Can PTFE tape be used for joints in oil supply pipes?

Yes, however PTFE tape should only be used to ‘pack’ the thread out to ensure a firm joint is made.

PTFE tape should always be used in conjunction with an oil resistant soft setting jointing compound.

Are soft soldered joints permitted on copper oil supply pipes?

No, joints in copper oil supply pipes should be made with compression fittings, either Type A nut and olive with inserts or Type B flared as required by British Standard EN 1254: Part 2.

Can galvanised pipe be used as an oil supply pipe material?

No, because this increases the risk of electrolytic corrosion of dissimilar metals.

Can plastic oil supply pipe be used above ground at my home?

No, approved types of plastic oil supply pipe should only be installed below ground.

Can oil supply pipes be buried?

Yes, oil supply pipes can be buried with caution.

Is it likely for kerosene oil to freeze during the winter months?

No, the Cloud Point of Class C2 Kerosene to BS 2869 is minus 39 degrees C. Therefore, unless the location of an oil pipe is extremely exposed to wind chill, it is very unlikely for temperatures to plummet low enough within the British Isles to cause Class C2 Kerosene to freeze.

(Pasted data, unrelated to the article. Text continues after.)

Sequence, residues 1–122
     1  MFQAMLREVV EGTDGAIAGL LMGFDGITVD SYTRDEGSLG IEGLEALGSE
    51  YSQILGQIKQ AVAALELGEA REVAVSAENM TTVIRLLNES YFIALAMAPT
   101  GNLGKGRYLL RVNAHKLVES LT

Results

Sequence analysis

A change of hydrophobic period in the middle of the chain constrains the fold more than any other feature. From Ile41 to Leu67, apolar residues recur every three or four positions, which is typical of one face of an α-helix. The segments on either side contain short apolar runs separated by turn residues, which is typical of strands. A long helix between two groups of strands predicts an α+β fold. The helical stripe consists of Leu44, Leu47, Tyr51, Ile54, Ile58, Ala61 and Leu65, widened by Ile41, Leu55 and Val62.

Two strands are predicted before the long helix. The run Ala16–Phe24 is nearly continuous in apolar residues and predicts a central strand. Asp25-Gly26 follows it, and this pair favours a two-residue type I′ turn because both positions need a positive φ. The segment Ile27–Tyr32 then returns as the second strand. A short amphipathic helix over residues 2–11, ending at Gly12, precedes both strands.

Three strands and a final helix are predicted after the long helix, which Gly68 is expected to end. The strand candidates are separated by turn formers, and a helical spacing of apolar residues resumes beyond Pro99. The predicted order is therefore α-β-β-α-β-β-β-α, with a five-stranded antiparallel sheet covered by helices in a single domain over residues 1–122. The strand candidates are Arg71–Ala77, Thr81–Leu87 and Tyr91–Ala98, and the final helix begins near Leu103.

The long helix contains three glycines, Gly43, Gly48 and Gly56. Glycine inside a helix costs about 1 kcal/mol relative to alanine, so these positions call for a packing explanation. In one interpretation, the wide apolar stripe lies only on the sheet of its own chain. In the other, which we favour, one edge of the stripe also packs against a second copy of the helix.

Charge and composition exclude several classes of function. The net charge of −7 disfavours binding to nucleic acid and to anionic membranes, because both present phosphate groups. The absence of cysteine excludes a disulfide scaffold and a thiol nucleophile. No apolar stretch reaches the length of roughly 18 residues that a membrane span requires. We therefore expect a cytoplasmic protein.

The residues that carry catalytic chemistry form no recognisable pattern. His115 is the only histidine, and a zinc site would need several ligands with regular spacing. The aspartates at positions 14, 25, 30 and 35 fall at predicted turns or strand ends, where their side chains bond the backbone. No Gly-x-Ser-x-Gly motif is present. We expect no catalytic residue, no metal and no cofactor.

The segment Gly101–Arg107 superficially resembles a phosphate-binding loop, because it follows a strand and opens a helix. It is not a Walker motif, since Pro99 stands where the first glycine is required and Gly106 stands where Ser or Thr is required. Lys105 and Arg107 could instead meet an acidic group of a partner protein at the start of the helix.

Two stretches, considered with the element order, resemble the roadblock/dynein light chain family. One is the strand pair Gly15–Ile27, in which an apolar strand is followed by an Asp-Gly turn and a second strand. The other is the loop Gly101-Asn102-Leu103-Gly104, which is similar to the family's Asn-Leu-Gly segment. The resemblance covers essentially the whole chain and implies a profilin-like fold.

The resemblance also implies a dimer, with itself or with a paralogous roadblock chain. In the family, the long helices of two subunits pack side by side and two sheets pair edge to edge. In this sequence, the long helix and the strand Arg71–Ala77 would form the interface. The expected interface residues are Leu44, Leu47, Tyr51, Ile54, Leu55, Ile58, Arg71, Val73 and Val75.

If a blocked oil supply pipe is encountered during the winter months, a more likely cause is that the oil line contains beads of water that have frozen, expanded and blocked the pipe.

Our best advice would be for an OFTEC Registered Technician to inspect the oil storage tank for the presence of water. If water is found, methods of extracting the water to prevent a reoccurrence can be looked into.

Oil Storage Tanks

What is the purpose of a remote fill pipe?

Remote fill pipes are provided for oil storage tanks sited in excess of 30m from a road, or where there is restricted access generally. For domestic installations this would generally take the form of a 50mm steel pipe connected to the tank and routed to an accessible position. The pipe should incorporate a screw cap at the fill point, a gate valve, a non-return valve and be adequately supported. Due to increased risk of spillage during filling process, the tank it serves should have secondary containment, such as an integrally bunded oil storage tank, and should be fitted with and overfill prevention device. An audible overfill alarm is also recommended.